Get a headset that’s easy to use. Not all VR headsets are created equal. The Oculus Quest 2 can function as a standalone headset for a few hundred dollars, while headsets like the HTC Vive Pro are more expensive, and still require a tethered PC. The right headset for you will depend a lot on how much space you have, which apps you want to use, and most importantly, how likely you are to use it. If it’s too much work to set up a desktop-connected VR headset to work out, it might be worth trying one of the standalone sets.
Most apps aren’t going to replace a full workout. Getting in some extra cardio with Beat Saber is great, but it’s important to remember that you probably won’t get jacked up or slimmed down solely from swinging musical lightsabers alone. Changes to diet and targeted workouts might also be necessary, depending on your long-term goals. If you’re unsure what to do, talk to a doctor or a trainer for your specific needs.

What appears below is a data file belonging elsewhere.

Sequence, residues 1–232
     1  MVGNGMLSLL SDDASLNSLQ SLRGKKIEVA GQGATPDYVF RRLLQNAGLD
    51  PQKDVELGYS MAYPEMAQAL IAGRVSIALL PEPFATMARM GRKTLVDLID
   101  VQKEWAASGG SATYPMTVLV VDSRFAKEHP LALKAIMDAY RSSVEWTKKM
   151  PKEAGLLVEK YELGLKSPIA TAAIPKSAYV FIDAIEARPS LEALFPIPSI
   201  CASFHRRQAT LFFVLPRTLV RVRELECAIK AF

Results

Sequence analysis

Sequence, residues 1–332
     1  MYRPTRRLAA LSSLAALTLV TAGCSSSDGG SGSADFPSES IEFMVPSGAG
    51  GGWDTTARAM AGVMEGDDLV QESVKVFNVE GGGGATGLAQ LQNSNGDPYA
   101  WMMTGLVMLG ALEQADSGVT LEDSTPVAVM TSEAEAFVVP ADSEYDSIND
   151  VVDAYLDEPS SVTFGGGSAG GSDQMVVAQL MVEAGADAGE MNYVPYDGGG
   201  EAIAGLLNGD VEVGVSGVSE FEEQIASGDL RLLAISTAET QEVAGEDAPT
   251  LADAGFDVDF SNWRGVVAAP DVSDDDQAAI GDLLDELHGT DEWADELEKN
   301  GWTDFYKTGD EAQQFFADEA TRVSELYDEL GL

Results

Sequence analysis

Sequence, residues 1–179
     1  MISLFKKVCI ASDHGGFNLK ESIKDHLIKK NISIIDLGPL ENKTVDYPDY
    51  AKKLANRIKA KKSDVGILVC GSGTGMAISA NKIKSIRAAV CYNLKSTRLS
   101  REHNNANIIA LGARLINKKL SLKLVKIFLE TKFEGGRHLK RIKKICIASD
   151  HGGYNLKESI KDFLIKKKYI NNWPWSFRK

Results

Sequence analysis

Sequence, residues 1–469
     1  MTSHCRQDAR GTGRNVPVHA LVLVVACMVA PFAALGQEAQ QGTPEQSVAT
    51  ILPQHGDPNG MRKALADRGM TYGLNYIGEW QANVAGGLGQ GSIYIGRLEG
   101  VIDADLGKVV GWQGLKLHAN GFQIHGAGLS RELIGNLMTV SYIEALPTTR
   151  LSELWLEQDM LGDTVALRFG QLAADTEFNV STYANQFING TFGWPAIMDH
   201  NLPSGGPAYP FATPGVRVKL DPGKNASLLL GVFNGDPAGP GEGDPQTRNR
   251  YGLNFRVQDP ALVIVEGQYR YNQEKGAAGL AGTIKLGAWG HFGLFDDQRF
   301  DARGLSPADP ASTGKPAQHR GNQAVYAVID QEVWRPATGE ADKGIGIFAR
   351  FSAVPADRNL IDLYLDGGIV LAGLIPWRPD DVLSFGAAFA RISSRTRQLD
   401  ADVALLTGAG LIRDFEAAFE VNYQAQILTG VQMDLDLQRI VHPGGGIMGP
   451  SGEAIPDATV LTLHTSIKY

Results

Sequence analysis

The best workout is the one you can stick to. Part of what can make VR workouts effective is that they’re more fun and motivating than just running on a treadmill. So, while planning your VR workout, make sure that you’re choosing something you can stick to. If it’s just going to be a workout that you avoid doing like any other, then it might not be worth the expense.
Read the full article here: https://www.wired.com/story/best-ways-vr-virtual-r...